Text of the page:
After years of sitting on my shelf collecting dust, I finally finish reading Yona’s first nine volumes.
Loose thoughts on volumes 7-9 of Mizuho Kusanagi’s manga series “Yona of the Dawn,” initially published in 2016 by VIZ Media. Spoilers will be present.
CLICK HERE TO READ MY THOUGHTS ON VOLUMES 4-6
History is Made at Night
Unlike the past few volumes of Yona, volume 7 opens with action. Yona and Yun begin their escape to the upper deck of Kum-Ji’s human trafficking ship along with all the other women aboard. I love this opening chapter because it gives us a glimpse into Yun’s calculated thought processes. He really is a strategist, always assessing the situation for both himself, his enemies, and now, his friends. Before, all he had was Ik-su the shepherd. Now, Yun doesn’t just look out for himself; instead, he worries about Yona, Hak, and everyone else in the party. Point is, he’s already grown a lot from when we first met him. Even though he can’t save the princess on his own, we all know that Team Yona would’ve been doomed from the start without Yun’s genius. Praise for the pretty boy!
Anime watchers will immediately recognize the downfall of Kum-Ji as the moment where Yona takes on the mantle of power and courage, officially making a name for herself among the Awa port town residents. This scene is drawn so impressively. The backgrounds may be plain, but this allows Yona to literally leap out of the page with with her sharp gaze and even sharper arrow tip. Such a legendary scene. And I’m witnessing Kum-Ji die for the second time is just the icing on the cake.
A startling reunion with Su-Won tosses the main conflict at hand–reclaiming the thrown–back into the picture. The new king sure does have a handsome face, but Yona has changed a great deal herself. Though she crumbles after their encounter, she did muster the courage to attempt reaching out for Su-Won’s sword. I don’t think she could’ve killed him. Well, maybe . . . The remainder of the volume is full of joyous celebration and, likewise, bittersweet goodbyes. The scene of Yona running back to Gi-Gan to embrace the maternal figure one last time will never fail to break my heart.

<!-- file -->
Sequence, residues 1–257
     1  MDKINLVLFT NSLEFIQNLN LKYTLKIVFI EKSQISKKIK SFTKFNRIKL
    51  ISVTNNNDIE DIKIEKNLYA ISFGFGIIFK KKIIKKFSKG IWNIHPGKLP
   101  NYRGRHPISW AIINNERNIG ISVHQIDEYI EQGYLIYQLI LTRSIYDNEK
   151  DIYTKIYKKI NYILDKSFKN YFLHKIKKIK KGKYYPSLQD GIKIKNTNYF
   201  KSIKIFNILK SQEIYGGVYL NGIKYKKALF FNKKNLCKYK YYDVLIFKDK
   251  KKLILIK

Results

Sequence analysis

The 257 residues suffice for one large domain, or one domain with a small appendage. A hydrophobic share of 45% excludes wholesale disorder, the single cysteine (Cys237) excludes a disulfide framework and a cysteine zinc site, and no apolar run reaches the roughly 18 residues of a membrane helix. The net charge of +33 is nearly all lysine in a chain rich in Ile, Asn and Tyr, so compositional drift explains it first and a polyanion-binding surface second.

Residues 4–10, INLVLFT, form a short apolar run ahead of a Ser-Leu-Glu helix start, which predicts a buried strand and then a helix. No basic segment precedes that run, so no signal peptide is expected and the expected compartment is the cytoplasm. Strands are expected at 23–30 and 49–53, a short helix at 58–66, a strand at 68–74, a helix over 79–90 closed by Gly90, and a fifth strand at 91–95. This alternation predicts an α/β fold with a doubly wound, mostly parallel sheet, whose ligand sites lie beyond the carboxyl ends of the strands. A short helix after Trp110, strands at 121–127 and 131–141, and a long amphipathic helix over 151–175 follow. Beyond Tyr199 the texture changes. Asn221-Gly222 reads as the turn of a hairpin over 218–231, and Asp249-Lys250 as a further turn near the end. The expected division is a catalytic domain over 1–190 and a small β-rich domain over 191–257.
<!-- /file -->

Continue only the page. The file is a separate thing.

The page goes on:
Volume 8 is by far the most different volume in the story, both in terms of narrative focus and storytelling style. The first few chapters introduce a normal campfire evening with the party. Suddenly, Yona is joined by an innocent traveler radiating the light of the sun. Little does she know that her new companion is actually the Yellow Dragon! His name is Zeno, and he’s a bit of an oddball (which is really saying something, given that this is the same team with Gija and Sinha in it). But he’s kind, caring, and observant, and these qualities mark him as a dragon even if his abilities are yet to be realized. The anime ended with Zeno’s introduction, so I’m excited to see what he does from here on out.
Shifting focus, the next few chapters are told from Su-Won’s perspective. His ventures traveling the Kohka Kingdom have shown him small ways to make major changes in a village’s prosperity, as seen in the work he does in the Earth Tribe capital. The general there, Lord Yi Geun-Tae, has enjoyed a lazy lifestyle since King Il took the throne. Lately, however, the general craves combat, as battle is the only way Geun-Tae believes he can prove his worth to the kingdom. Su-Won provides him this long desired action, but in the form of a festival celebrating the Earth Tribe and its general. We get a laydown of the festival war game rules, the entire “battle,” and even the aftermath. It turns out the festival was a way to stimulate trade in the capital once again. Whether for tea, minerals, or even soldiers, Su-Won sure knows how to encourage the masses.